Daleen Berry, WV

Critically Acclaimed Writer

A New York Times best-selling author, Daleen has seven books to her credit. She’s also an award-winning investigative journalist and blogger whose TED Talk was based on Sister of Silence, her breakout memoir about growing up in Appalachia. Daleen has had her nose in a book since she was two years old and began writing stories in the third grade. Her work has appeared in the BBC, the Guardian, Daily Beast, and Huffington Post, and on ABC, NBC, CBS, and other networks.

As a Story Terrace writer, Daleen interviews customers and turns their life stories into books. Get to know her better by reading her autobiographical anecdote below.

The Sugar Scare

The cold and flu medicine knocked me out cold. But then, suddenly, I awoke with a start. I stretched out my arm. Not finding a warm body, I called my husband’s name. When his voice carried across our queen-sized bed, I realized he was sitting up. Then I felt him lean over and kiss my arm. He lingered there, like—well, like he was lethargic.

My drugged senses immediately went on high alert. The clock read 3:00 a.m. I touched his shoulder. His skin felt clammy.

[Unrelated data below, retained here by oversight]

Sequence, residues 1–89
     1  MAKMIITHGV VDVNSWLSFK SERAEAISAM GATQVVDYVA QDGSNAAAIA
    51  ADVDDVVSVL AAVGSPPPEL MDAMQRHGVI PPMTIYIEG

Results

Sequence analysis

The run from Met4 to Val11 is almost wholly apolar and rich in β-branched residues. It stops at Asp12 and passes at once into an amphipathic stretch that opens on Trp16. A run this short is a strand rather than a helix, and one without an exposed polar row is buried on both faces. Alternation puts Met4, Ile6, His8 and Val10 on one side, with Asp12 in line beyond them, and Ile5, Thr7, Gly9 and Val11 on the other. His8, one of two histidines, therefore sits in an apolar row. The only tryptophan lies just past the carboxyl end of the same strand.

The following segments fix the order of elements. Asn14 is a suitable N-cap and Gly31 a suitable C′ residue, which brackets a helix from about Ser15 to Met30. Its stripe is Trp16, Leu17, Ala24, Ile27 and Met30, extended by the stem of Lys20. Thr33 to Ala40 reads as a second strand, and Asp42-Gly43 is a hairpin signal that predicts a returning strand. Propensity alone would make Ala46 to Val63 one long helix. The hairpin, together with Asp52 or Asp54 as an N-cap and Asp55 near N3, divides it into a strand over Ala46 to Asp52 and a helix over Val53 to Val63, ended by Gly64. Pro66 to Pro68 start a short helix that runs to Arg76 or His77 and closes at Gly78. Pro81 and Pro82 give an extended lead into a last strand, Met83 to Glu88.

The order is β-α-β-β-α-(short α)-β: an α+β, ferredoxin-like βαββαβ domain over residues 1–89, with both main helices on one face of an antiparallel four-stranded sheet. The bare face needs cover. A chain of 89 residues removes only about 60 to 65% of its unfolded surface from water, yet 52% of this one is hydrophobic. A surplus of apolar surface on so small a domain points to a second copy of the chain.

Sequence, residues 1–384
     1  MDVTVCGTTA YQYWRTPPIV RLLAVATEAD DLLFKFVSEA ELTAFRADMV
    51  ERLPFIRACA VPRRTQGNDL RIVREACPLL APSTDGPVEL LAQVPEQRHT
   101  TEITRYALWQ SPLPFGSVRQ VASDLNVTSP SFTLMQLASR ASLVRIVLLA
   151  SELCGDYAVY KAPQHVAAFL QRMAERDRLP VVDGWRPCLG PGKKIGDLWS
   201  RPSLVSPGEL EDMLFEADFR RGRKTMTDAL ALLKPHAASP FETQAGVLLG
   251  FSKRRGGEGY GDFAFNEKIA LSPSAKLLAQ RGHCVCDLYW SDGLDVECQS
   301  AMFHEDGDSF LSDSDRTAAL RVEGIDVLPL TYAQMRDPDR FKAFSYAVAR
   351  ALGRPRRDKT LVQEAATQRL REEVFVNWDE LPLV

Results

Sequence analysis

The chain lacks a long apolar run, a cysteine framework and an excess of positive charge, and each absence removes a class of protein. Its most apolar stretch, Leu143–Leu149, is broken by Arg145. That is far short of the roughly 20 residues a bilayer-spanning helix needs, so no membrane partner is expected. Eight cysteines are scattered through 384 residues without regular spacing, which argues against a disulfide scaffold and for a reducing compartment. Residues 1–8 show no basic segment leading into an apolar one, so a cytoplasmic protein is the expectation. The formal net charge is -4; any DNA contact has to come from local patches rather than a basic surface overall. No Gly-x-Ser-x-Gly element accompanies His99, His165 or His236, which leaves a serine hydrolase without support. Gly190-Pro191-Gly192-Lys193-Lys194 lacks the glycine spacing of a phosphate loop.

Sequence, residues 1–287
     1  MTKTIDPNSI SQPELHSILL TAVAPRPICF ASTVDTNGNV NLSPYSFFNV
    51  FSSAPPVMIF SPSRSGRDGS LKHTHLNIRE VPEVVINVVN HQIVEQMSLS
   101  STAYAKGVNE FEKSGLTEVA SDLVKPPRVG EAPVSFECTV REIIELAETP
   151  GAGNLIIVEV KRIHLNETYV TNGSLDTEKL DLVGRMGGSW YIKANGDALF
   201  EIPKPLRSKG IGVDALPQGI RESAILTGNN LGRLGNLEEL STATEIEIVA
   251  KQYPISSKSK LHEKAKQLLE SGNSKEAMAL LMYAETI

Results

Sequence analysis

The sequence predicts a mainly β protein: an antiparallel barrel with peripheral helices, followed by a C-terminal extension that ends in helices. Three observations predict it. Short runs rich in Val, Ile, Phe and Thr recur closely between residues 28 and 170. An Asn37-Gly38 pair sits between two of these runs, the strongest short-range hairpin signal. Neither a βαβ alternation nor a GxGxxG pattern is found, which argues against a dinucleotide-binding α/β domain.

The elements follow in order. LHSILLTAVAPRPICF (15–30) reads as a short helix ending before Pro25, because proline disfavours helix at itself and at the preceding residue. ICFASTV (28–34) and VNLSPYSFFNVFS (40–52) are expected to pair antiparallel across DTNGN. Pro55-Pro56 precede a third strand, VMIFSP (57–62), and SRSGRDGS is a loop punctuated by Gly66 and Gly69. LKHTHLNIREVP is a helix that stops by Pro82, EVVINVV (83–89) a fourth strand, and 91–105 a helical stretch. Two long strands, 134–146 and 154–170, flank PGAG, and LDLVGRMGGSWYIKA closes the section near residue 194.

“You’re sweating. What’s wrong?” I asked.

“Nothing,” he said.

He seemed confused, so I went in search of his blood sugar meter. Several seconds later, we knew what was wrong. A blood sugar level below 70 is considered dangerous. My diabetic husband’s sugar level was 39.

“You could have a stroke!” I opened the nightstand drawer and grabbed his emergency candy stash, noticing the ashen pallor of his skin. “We need to call an ambulance!”

He refused but asked me to get him some juice.

I ran to get the ever-present orange juice, but the carton was empty. Instead, I poured a glass of grapefruit juice and ran back upstairs. He downed it and continued munching on M&M’s. Several minutes later, his sugar level was climbing into the 40s.

“I feel better,” he said.

“Can I make you a grilled cheese sandwich?” I asked, knowing how bare our cupboards were.

“That sounds really good.”

From the second I awoke to the time he gobbled down the sandwich, 30 long minutes had elapsed. I watched the clock the entire time, wondering if he was truly out of danger.

Because I was sick in bed, he’d eaten canned soup for dinner. It wasn’t enough, though, because he’d cleaned out the garage, burning a lot of calories in the process. “I wanted you to have a clean space to park your car,” he said, his smile weak.

These are your thoughts when you’re afraid someone you love is dying: will I get to apologize for that silly argument? What about all the time we spent apart, pursuing separate goals? What if we’ve gotten all the chances we’re going to—to do it right—and the time on our relationship meter just ran out?

I’m not perfect, not by a long shot. Neither is he. But when he does die—which I hope is many anniversaries from now—I don’t want any regrets.

I want to be able to look back and say we did it right.

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